Despite national unemployment still hovering near 10 percent, there are pockets of labor shortages where thousands of new positions go unfilled. One of the biggest: the field service and HVAC sectors, according to Mike Moore, Director of Training and one of the founders ofÂ HVAC Learning Solutions. An experienced trainer of technicians and managers alike, Moore explains the problems facing HVAC firms looking for talent, and what the industry as a whole needs to do to remedy the situation.
How do things look these days for hiring managers in the HVAC industry?
One of the problems that we have is that as an industry, we have to let potential employees know that there are opportunities out there. Because a lot of people when they’re growing up or they’re graduating from high school or college, they don’t necessarily think about the HVAC industry when they’re looking at their career choice.
So subsequently, the age of technicians in the HVAC industry is older. So you have people that are leaving the workforce and you have a shortage of technicians. I think we’re probably about 20,000 people short in terms of the techs we need. So the key is to catch young people whether they’re in junior high or in high school and let them know there are opportunities, so when they’re planning for their career they can at least give the HVAC industry a look.
So as long as you’re a qualified technician, the job outlook is pretty outstanding if you wanted to break into the HVAC industry.
Oh yeah, if you’re a person who has good technical skills and good people skills. It’s important to have the good people skills because when you’re in the customer’s home it’s just as important that you’re able to fix the customer as you are to fix the equipment. If you’re having somebody come out to your house because your equipment’s not working, on a hot day or cold day, you’re not really in the best of moods. So you want technicians showing up that can relate to that customer, put her at ease, and then fix the equipment.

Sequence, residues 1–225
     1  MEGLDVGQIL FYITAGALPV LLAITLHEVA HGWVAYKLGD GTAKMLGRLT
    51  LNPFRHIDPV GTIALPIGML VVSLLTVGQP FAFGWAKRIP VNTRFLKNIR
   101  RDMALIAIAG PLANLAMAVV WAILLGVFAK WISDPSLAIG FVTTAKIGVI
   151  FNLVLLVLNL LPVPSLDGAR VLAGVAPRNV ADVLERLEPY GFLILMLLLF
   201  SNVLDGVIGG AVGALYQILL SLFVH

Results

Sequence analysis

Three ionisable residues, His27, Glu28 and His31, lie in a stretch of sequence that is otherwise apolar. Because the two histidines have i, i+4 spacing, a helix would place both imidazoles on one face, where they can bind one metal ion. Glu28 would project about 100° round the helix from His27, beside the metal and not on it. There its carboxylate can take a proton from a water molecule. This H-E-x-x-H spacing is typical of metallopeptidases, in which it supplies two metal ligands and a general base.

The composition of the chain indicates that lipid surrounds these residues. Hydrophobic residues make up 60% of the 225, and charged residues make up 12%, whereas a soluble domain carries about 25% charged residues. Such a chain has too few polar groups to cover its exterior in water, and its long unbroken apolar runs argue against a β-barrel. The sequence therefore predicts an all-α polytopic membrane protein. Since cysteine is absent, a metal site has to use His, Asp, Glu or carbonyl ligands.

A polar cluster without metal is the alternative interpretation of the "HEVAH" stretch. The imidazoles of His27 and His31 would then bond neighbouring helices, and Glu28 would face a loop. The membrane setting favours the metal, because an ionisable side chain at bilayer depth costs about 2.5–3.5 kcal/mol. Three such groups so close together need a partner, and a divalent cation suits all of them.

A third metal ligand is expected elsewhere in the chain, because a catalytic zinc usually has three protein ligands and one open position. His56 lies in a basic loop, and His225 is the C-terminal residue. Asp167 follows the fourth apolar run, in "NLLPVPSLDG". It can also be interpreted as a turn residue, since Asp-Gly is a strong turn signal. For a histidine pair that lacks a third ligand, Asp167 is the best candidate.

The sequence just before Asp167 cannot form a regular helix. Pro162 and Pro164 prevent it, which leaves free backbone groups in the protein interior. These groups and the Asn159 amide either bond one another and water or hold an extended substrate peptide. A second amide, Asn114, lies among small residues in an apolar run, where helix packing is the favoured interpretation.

Are those people skills something that you can even teach? How does one get a feel for if a technician’s a good person or not?
I think what you do is, the interview process is critical. So you maybe have them go through a multitude of interviews and get people’s impressions. You ask different type of behavioral-based questions that sort of lead you down that pathway. Sometimes you’ll make mistakes, but if you use an interviewing guide that’s based on behavior, usually you can get to the facts about that individual.
How do you get the message out to kids who aren’t yet thinking about possible careers?
We’ve gone to some career fairs, but one of the things we need to do as an overall industry is to get the manufacturers, the HVAC dealers and the HVAC trade associations to work together as one on an educational campaign to where we could put together a comprehensive plan to do this so it’s not hit or miss. We may be competitive with each other, but if we’re 20,000 techs short we need to figure out as an industry how to work together to get those younger people to look at the industry. One of the things that we probably need to work on as an industry is to get full cooperation over the broad spectrum. Maybe we put together an HVAC awareness month, or something where take a day, take a week where we go to these schools.